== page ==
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UK Tax Authorities Seize 3 NFTs Involved in $1.8M Fraud Investigation

For the first time, Her Majesty’s Revenue and Customs has seized three NFTs amid a wider tax fraud investigation in the United Kingdom.

2 min read
HMRC. Image: Shutterstock.

The UK’s tax authority—Her Majesty’s Revenue and Customs (HMRC)—has seized three NFTs as part of a wider investigation concerning VAT (goods and services tax) fraud, per the BBC

This is the first time HMRC has seized an NFT

The deputy director of economic crime, Nick Sharp, told the BBC this example “serves as a warning to anyone who thinks they can use crypto assets to hide money from HMRC.” 

“We constantly adapt to new technology to ensure we keep pace with how criminals and evaders look to conceal their assets,” the deputy director added. 

According to the BBC, HMRC said it secured a court order to detain the NFTs, which were seized alongside approximately $6,700 worth of crypto assets. 

The suspects involved also reportedly used “sophisticated methods” to conceal their identities. These involved false addresses, prepaid burner phones, the use of VPNs, and falsified invoices. 

Crypto, NFTs, and crime

HMRC’s seizure of three NFTs comes amid a string of similar stories indicating how NFTs can be used to facilitate illicit activity. 

Earlier this month, blockchain analytics firm Chainalysis released a report that detected significant evidence of wash trading and money laundering throughout the NFT industry.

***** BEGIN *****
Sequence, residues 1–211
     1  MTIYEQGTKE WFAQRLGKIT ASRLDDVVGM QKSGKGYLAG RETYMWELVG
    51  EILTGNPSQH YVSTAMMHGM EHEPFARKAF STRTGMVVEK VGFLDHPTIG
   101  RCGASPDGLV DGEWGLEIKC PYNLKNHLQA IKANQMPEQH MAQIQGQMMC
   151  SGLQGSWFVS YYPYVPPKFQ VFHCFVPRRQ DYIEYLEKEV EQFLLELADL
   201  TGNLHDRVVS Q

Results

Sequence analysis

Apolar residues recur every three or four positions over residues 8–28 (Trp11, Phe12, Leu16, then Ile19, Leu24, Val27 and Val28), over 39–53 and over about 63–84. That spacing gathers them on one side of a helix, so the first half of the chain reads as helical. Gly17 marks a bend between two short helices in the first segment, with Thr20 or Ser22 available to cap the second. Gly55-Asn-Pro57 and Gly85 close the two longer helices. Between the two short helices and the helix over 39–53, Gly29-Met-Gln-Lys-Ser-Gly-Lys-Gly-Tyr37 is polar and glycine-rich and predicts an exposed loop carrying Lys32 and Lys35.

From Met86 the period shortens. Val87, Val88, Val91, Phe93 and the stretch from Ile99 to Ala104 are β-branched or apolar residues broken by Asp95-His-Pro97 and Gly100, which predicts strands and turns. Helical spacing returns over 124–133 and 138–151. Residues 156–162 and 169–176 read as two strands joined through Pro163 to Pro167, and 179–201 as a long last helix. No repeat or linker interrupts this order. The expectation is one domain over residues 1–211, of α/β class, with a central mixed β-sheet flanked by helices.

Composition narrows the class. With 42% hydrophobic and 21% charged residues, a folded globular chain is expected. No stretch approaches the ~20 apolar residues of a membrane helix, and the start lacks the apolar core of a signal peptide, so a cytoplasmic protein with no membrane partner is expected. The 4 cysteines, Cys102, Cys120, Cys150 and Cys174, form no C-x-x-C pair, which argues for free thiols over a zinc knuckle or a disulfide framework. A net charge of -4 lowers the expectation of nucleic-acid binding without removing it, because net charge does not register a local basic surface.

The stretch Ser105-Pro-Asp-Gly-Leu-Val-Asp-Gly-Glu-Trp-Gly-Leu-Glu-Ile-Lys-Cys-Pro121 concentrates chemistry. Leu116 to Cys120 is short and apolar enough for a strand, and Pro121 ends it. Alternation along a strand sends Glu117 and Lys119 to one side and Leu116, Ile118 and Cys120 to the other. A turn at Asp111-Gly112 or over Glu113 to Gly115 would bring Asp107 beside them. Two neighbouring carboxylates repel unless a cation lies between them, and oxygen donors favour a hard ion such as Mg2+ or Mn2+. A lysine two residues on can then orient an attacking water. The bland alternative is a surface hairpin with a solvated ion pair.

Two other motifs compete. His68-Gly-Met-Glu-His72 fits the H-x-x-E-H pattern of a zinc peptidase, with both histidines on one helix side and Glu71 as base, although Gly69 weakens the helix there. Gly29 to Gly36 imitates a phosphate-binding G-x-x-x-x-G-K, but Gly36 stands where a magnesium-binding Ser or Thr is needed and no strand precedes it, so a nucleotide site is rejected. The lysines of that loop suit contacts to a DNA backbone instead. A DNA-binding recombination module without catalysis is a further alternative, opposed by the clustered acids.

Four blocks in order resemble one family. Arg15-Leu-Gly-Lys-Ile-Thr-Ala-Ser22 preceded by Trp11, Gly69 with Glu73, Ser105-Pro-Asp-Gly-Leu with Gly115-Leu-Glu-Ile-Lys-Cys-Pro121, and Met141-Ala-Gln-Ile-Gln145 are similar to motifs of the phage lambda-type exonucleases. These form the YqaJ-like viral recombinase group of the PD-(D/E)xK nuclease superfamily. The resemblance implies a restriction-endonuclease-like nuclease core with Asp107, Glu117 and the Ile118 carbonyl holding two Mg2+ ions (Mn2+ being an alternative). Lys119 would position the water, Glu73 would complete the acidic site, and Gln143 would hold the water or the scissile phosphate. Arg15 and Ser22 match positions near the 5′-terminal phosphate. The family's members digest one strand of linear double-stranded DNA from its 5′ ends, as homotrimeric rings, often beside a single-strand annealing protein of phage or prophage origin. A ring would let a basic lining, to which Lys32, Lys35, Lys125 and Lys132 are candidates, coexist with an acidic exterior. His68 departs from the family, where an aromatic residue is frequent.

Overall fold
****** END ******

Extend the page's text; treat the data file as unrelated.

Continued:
“As is the case with any new technology, NFTs offer potential for abuse. It’s important that as our industry considers all the ways this new asset class can change how we link the blockchain to the physical world, we also build products that make NFT investment as safe and secure as possible,” Chainalysis said at the time. 

Of course, it’s not just HMRC that has concerns over digital collectibles and illicit activity. Last year, the London Metropolitan Police’s Art and Antiques Unit told Decrypt it was “very much aware” of the risks that surrounded NFTs. 

A spokesperson for the unit said the relative anonymity of blockchains allows individuals to conceal their identity. They added it was “possible that the exchange of NFTs between users could constitute money laundering in the form of layering or integration.”

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